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Win elusive, but Bassitt proving himself to A's

SAN FRANCISCO -- Chris Bassitt has yet to notch a win in four starts for the A's despite pitching well in all of them, but the right-hander is at least assured of another opportunity for one.

Despite being saddled with a 2-1 Interleague loss in San Francisco on Saturday, Bassitt continued to prove his worth as a long-term answer in a muddled Oakland rotation that's lost Scott Kazmir to trade and Jesse Hahn to injury in less than two weeks.

The Giants, who busted out for 17 hits in Friday's series-opening win, mustered five off Bassitt in his six innings -- one of them a solo home run from their ace, Madison Bumgarner.

Bumgarner, who has three home runs this season and nine in his career, worked Bassitt for seven pitches in the third-inning at-bat. Bassitt believed the fifth should've been a third-strike call.

"He missed [the call]. It is what it is," Bassitt said. "But it was just an awkward thing where I was like, 'Don't walk him, don't walk him, don't walk him,' and I grooved a fastball right down the middle. You have to go at him more as a hitter and less as a pitcher, and it was just a horrible mind-set, and he made me pay."

Back-to-back two-out hits from Joe Panik and Matt Duffy led to the Giants' go-ahead run in Bassitt's sixth and final inning, which he exited at 97 pitches. He hasn't allowed more than two runs in any of his four starts, walking just two in a combined 23 innings in that span, after issuing nine walks in 10 2/3 innings out of the bullpen in the early going of the season.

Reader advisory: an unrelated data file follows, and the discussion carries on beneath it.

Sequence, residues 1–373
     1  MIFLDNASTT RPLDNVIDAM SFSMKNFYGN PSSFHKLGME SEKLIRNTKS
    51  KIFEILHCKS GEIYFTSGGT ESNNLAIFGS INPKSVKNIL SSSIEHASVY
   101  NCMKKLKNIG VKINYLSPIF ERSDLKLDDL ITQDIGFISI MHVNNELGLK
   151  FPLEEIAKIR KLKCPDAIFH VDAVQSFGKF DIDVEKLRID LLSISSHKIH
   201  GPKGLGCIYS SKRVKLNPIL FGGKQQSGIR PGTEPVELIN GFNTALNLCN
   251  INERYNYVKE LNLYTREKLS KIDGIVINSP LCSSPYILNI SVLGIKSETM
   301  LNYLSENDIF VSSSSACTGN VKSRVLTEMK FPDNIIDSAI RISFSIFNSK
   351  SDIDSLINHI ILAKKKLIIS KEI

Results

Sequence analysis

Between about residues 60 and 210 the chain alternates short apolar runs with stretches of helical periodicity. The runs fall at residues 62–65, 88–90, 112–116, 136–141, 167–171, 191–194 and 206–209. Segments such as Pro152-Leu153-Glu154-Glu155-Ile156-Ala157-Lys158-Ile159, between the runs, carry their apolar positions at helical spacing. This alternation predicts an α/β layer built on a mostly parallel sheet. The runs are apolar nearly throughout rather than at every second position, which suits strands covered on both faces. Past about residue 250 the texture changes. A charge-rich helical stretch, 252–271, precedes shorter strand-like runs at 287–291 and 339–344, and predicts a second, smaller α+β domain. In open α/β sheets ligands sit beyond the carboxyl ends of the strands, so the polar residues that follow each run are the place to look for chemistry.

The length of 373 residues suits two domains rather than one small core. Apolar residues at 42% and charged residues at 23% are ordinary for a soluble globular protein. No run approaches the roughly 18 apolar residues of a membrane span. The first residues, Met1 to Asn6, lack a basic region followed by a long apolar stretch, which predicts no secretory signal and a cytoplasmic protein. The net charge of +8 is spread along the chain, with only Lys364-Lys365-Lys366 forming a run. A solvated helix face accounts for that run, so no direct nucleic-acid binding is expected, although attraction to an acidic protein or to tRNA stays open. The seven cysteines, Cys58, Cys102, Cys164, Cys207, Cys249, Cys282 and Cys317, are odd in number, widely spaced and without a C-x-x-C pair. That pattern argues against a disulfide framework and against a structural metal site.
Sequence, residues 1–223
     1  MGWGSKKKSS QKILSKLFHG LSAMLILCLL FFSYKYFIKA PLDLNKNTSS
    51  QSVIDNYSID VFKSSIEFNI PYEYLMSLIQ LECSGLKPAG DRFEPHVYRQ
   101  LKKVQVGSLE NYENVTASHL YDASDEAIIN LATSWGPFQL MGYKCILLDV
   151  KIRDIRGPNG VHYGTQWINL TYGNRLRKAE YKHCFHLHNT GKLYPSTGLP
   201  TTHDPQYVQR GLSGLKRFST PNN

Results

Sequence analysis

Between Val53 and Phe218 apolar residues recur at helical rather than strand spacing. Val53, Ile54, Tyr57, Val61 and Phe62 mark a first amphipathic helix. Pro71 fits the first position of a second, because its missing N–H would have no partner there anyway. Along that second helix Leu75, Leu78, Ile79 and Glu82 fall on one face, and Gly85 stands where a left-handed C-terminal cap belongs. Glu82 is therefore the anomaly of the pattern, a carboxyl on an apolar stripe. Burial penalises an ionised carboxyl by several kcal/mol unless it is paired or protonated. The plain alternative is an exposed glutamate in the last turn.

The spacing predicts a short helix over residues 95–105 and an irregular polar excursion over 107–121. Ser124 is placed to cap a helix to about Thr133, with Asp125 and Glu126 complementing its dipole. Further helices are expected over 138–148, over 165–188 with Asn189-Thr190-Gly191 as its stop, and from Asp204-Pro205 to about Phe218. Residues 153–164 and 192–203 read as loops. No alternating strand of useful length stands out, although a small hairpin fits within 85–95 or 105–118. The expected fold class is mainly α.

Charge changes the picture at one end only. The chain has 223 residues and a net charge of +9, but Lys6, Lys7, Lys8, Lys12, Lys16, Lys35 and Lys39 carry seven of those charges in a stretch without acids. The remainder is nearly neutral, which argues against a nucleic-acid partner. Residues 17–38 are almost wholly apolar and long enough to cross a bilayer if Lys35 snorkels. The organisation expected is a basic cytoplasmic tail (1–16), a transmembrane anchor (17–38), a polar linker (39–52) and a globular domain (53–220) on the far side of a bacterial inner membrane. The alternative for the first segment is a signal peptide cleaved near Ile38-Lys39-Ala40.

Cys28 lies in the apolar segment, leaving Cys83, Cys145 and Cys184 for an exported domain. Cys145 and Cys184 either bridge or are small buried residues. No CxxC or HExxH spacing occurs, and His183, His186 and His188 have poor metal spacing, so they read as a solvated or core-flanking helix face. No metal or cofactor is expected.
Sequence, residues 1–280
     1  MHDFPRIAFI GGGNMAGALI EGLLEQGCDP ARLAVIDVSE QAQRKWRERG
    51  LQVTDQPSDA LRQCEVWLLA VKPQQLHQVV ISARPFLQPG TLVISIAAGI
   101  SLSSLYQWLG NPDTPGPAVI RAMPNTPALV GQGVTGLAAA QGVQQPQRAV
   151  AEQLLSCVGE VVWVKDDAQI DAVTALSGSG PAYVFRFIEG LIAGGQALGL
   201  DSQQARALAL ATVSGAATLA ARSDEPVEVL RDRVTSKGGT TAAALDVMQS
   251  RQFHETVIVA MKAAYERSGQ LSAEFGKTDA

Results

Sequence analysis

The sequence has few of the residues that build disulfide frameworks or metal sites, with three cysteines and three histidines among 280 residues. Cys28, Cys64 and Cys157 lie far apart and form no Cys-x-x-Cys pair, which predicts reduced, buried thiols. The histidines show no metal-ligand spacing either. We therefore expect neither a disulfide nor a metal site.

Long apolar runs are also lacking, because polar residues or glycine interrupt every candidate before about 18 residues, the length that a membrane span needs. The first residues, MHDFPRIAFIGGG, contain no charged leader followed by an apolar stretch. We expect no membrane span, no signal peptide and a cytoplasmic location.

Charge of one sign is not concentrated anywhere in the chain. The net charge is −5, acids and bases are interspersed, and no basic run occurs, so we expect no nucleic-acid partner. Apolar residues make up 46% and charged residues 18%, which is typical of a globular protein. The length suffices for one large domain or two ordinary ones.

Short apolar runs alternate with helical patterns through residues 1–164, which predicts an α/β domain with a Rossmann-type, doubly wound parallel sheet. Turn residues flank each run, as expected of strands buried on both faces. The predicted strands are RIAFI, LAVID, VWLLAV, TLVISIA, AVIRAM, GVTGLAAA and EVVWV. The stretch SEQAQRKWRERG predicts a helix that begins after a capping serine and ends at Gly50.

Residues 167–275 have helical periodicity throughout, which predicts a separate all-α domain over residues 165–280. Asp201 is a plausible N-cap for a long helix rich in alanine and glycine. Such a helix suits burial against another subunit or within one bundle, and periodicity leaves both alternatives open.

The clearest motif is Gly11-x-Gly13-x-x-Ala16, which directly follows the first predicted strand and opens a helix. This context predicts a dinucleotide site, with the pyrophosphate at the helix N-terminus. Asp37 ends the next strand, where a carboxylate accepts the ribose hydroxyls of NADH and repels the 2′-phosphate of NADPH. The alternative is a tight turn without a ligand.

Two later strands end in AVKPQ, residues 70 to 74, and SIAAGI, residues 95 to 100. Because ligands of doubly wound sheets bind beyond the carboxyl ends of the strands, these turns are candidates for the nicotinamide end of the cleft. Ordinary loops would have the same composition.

Not only has he honed his command, but he's sharpened his secondary pitches, among them a curveball that buckled Hunter Pence's knees for a third-strike call in the second inning.

Video: OAK@SF: Pence gets fooled by Bassitt's wicked curve

"He's been working on his curve and change," A's manager Bob Melvin said. "He's definitely less predictable with the cutter and the extended slider on it and good heater and, at times, effectively wild, so it was tough to get a good swing on him today. Really, the best swing of the day was the ball Bumgarner hit."

"In the beginning," Bassitt said, "I had to rely a lot on my fastball, but I went down and worked a ton on my offspeed and it showed up for the most part today, which I'm happy about."

Just don't ask him to hit again. Bassitt, making his first plate appearance since high school, finished 0-for-2 with a strikeout against Bumgarner.

"Horrible," he said. "I hope I never do that again. I'll take anyone else to hit for me. Every fastball I thought was going to be in the dirt was right down the middle."

Jane Lee is a reporter for Follow her on Twitter @JaneMLB and listen to her podcast.
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